In all made of tender flesh, all put together, Sessa Englund looked to the color yellow as a symbol of duplicity. Throughout history, this color has been given almost competing symbolic implications. In the Protestant Swedish Church, yellow communicates withering and envy — but it also communicates the eternal light of God. It is both illness in the color of bile, and health in the color of golden wheat. Yellow can communicate wealth, when it resembles gold, and betrayal, when Judas Iscariot is depicted wearing yellow garb. The yellow contagion flag flown by ships in harbor was at one point used to signal that it was under quarantine. This signal later reversed meaning, where a solid yellow flag meant that the ship was not under quarantine and ready to be inspected.
In this exhibition, Englund has focused on the in-betweenness of their chosen materials. Everything is intermediate, shifting from one meaning to another. The color yellow acts as a singular symbol for perpetual uneasiness. All of the work in this show has been cast in this light, either literally or thematically. The floor of the gallery will be covered in a golden-yellow carpet, creating a warm sickly aura throughout.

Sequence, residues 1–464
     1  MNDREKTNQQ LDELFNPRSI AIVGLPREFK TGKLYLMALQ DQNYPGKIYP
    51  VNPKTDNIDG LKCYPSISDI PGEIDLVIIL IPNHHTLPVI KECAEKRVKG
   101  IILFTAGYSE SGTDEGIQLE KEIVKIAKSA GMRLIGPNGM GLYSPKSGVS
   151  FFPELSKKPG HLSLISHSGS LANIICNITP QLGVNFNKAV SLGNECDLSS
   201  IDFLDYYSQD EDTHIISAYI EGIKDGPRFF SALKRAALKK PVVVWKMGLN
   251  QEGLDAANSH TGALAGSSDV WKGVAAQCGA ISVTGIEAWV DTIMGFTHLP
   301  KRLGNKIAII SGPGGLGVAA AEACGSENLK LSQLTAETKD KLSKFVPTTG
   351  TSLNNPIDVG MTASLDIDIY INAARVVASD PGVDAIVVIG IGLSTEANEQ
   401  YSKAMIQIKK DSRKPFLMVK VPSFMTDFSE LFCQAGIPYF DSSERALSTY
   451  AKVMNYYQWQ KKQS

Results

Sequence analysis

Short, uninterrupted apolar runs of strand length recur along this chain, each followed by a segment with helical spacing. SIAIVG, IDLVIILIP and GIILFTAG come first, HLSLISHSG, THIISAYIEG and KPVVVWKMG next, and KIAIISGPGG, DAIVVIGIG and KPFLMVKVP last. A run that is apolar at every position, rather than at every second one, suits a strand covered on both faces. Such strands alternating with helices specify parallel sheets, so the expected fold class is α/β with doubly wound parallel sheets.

The artist’s choice of materials embodies a tension between the natural and artificial. Spider-like creatures made of glass rest on the carpet, covered with dots of silicone which look like scales, or fur, or feathers. Curved yellow forms with burned flesh seem to writhe. Their texture evokes the skin of a bell pepper, while their shape resembles braided dough. The charred sections wither like discarded snakeskin. Made from this same material, creatures with elongated faces open their mouths, singing to the glory of God, or perhaps deformed screams, either from pain, fear or demonic intent. An engorged, elongated ball-chain necklace hangs rusted dark red and yellow from the ceiling, having lost its shine and polish and crushing in weight. Glass castings of crossed fingers signal towards hope and optimism, yet their pale transparent features feel empty. A looming dead sunflower stands upright, emerging as a once-yellow carcass of an iconic symbol of warmth and sunshine.